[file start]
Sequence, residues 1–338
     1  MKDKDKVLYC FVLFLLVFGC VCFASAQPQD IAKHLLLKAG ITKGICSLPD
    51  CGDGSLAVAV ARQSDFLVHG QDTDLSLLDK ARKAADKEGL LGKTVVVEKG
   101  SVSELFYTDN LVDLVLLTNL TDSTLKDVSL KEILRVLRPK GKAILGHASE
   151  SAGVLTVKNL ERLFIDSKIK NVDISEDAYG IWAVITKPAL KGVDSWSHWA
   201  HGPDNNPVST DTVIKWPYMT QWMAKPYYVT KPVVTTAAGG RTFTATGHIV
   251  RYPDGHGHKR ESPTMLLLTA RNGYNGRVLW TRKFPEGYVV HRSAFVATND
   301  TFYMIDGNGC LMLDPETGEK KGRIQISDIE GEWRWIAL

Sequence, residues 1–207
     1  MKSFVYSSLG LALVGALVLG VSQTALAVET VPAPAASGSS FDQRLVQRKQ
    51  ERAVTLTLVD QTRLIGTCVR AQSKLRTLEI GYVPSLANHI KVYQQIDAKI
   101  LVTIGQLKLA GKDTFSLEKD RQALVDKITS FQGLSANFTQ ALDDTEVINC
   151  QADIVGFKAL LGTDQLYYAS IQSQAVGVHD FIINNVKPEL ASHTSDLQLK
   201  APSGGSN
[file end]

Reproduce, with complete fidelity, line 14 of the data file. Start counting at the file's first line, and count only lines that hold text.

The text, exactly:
   201  APSGGSN